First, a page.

ANJeL Anniversary Conference debrief – commemorating and comparing the 11 March disasters in Japan

Like so many in Australia and worldwide, we remember sadly today over 19,000 confirmed dead or still missing from Japan’s triple disasters a year ago. Our thoughts and prayers also go out to the many more who collectively have lost their lives from natural disasters in other parts of the Asia-Pacific – including the 2004 tsunami in Indonesia and other countries facing the Indian Ocean, the 2008 earthquake in Sichuan, the Christchurch earthquake and the Queensland floods – just over a year ago, too.

The “Asia-Pacific disasters” conference hosted by Sydney Law School over 1-2 March generated productive interdisciplinary comparisons, despite ominous weather that later generated record rain and flooding in Sydney and beyond.
I thank again all the conference sponsors, speakers (including several participating via Skype from Japan and the USA), session chairs, and superlative event coordinators. Dr Kohara’s opening remarks are available via the website of the Consulate-General of Japan in Sydney. During conference breaks, ABC Radio interviewed Professors Kabashima and Morita from Tohoku University Law School, as well as myself. The audio clip and transcript are available there, also broadcast on News Radio and the Asia Pacific program (Radio Australia and Radio National) the night before. Further reporting on the conference was provided by the International Federation of Red Cross and Red Crescent Societies (by Aishah Amin, “Japan One Year Later: Conference on Law and Disasters in Japan and the Asia Pacific”, 30 April 2012) and Honi Soit (by Madeleine King, “Fukushima Fallout: Japan, One Year On”, 17 April 2012).
The presentations by Professors Kabashima and Morita, along with that of Associate Professor Jin Chun and Stacey Steele as well as a short Preface by myself, will be published in Issue 34 (late 2012) of the Journal of Japanese Law. (That issue will also contain Part Two of an article by ANJeL-in-Japan (Kanto) Convenor, Professor Souichirou Kozuka, ‘Insurance Law Issues Due to the Great East Japan Earthquake of 2011’ – Part One was published in Issue 33, at pp 3-11.)
Almost all other conference presentations, plus a few more papers already commissioned, will be published by Springer (mid-2013) in “Asia-Pacific Disaster Management: Comparative and Socio-Legal Perspectives” co-edited by Dr Simon Butt (Sydney Law School), Dr Hitoshi Nasu (ANU College of Law) and myself – comprising:
1. Introduction
Dr Butt, Dr Nasu & Prof Nottage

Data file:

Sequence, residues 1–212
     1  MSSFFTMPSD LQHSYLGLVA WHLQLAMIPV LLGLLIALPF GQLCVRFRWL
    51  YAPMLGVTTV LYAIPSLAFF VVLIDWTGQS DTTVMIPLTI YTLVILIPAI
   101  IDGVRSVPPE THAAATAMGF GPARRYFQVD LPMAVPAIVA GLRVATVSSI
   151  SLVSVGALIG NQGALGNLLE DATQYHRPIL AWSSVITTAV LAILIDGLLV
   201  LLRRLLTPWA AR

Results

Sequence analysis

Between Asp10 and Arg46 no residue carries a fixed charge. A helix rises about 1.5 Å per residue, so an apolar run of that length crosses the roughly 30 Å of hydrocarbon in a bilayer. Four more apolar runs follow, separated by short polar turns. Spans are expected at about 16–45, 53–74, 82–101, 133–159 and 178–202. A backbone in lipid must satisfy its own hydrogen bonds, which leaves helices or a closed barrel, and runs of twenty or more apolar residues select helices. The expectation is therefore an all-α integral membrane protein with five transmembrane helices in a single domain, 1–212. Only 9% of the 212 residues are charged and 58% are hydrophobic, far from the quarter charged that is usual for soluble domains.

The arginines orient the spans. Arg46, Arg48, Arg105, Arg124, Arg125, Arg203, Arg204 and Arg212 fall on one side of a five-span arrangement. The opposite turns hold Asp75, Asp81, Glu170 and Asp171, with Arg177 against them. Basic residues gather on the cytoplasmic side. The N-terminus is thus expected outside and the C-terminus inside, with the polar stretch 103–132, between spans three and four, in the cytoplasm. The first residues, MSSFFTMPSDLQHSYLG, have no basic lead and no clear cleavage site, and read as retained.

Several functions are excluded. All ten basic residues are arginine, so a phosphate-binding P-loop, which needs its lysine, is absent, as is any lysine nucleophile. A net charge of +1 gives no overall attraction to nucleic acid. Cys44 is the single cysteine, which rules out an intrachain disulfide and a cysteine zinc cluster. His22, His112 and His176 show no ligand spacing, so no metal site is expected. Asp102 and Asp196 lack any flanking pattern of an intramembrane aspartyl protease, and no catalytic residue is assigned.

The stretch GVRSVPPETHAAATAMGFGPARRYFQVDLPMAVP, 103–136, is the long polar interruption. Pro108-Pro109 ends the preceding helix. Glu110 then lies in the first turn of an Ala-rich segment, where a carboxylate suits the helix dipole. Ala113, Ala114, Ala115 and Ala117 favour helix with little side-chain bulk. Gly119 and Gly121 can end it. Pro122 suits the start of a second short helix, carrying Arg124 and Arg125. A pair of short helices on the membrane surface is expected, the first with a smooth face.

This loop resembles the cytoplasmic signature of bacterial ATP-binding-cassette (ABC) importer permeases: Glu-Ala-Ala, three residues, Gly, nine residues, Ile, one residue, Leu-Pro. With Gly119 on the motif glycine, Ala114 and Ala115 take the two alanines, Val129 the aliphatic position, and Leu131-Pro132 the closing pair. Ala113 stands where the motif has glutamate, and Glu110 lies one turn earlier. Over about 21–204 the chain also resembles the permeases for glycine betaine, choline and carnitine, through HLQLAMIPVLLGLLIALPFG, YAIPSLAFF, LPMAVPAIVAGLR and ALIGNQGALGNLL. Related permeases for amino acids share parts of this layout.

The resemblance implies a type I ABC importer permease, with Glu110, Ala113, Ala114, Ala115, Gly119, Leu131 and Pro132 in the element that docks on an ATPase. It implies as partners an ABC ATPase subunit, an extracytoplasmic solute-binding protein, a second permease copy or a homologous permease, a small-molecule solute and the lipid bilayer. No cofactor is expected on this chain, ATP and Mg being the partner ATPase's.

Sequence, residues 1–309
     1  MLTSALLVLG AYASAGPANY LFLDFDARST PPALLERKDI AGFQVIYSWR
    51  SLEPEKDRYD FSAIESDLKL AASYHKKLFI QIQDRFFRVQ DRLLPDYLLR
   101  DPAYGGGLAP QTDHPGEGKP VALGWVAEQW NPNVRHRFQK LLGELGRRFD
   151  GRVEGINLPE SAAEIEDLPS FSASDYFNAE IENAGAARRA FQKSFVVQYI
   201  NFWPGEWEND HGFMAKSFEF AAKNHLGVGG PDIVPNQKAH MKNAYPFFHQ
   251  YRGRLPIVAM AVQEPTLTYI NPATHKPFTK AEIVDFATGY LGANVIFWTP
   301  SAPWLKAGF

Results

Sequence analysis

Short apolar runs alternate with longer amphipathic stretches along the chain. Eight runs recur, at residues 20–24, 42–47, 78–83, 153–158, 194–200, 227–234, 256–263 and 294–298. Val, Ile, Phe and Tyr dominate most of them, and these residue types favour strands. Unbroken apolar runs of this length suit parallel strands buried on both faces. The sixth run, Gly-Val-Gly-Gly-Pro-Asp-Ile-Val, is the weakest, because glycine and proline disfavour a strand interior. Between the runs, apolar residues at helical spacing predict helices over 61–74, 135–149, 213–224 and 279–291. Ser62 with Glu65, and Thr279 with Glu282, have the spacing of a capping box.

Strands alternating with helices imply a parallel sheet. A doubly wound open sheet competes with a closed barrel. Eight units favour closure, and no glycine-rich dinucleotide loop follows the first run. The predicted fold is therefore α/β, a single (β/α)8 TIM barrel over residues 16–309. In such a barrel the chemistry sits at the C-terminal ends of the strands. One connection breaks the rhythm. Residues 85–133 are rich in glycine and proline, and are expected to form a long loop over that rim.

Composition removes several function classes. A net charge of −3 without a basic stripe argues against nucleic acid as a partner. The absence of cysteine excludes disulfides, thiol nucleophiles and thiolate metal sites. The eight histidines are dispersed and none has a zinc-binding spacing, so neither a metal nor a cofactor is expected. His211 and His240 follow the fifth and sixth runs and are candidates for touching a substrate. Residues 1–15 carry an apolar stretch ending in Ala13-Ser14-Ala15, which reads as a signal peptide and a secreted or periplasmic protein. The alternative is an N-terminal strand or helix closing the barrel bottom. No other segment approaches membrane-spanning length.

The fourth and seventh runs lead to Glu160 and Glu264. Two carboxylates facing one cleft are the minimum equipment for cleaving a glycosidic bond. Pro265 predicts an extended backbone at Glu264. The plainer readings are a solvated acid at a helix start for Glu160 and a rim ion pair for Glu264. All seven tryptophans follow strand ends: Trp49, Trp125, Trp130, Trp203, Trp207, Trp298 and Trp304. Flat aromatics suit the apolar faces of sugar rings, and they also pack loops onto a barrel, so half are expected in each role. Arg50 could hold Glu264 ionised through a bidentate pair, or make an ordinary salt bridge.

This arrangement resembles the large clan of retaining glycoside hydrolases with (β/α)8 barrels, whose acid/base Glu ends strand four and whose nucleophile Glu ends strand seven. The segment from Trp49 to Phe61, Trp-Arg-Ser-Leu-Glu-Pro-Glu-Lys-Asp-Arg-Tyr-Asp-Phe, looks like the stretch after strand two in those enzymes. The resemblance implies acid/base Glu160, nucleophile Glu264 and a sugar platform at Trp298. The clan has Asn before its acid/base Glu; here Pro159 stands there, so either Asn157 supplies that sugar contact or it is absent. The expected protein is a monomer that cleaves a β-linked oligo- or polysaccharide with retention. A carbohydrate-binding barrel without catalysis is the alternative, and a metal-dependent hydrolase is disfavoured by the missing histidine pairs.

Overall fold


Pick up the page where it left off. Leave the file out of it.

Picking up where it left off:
2. Considering the Most Vulnerable: The Kaizen of Legal Reform following the 3/11 Disasters in Japan
Professor Kent Anderson
Pro Vice Chancellor (International)
The University of Adelaide
3. A Public Health Perspective on Reconstructing Post-Disaster Tohoku: One Year Later
Professor Michael Reich
Harvard School of Public Health
4. Cultural criticism in Japan concerning the 2011 disasters disasters
Dr Yasuko Claremont
Department of Japanese Studies
The University of Sydney
5. The future of 3.11: The Tôhoku disaster in Japanese science fiction
Dr Rebecca Suter
Department of Japanese Studies
The University of Sydney
6. Liability for Nuclear Damages pursuant to Japanese Atomic Law – Legal Problems Arising from the Fukushima I Nuclear Accident
Julius Weitzdoerfer
Max Planck Institute for Comparative and International Private Law
7. Does Law have a Heart? A Comparison of Australian and Japanese Law in Post-Disaster Recovery
A/Prof Leon Wolff & Ms Kylie Fletcher-Johnson
Faculty of Law
Bond University
8. Circumscribing and circumventing relief: an anthropological cross-comparison of disaster-born illnesses and recovery efforts in Japan and the United States
Michelle Daigle
Department of Anthropology
University of Hawai’i at Mānoa
9. Fiscal Policy for Chaos
Micah Burch,
Sydney Law School
10. From Response to Prevention: Indonesia’s 2007 Disaster Management Law
Dr Simon Butt
Sydney Law School
11. BRR Aceh-Nias: A Post-disaster Reconstruction Governance
Dr T. Nirarta Samadhi
Unit Kerja Presiden
12. The Perspective of Disaster Sociology
A/Prof Anxin ZHU
Sociology Department
Nanjing University
13. China: The Legal System and the Allocation of Responsibility for Accidents and Disasters
Professor Vivienne Bath
Sydney Law School
14. The Canterbury Earthquake Recovery Act 2011: How is it Working?
Professor J Elizabeth Toomey
School of Law, University of Canterbury
15. [Government Responses to Disasters in Japan and New Zealand]
Michael White
Human Rights Commission of New Zealand
16. International Law and Liability for Nuclear Disasters
Helen Cook
Pillsbury Winthrop Shaw Pittman LLP, USA
[Substituting for: Professor Gillian Triggs, formerly Dean, Sydney Law School]
17. Technology Regulation for Disaster Management: The Potential of Nanotechnology for Energy Security and Regulatory Challenges
Dr Hitoshi Nasu
ANU College of Law
The Australian National University

Author: Luke Nottage

Prof Luke Nottage (BCA, LLB, PhD VUW, LLM LLD Kyoto) is founding co-director of the Australian Network for Japanese Law (ANJeL), Associate Director (Japan) of the Centre for Asian and Pacific Law at the University of Sydney (CAPLUS), and Professor of Comparative and Transnational Business Law at Sydney Law School. He specialises in international dispute resolution, foreign investment law, contract and consumer (product safety) law.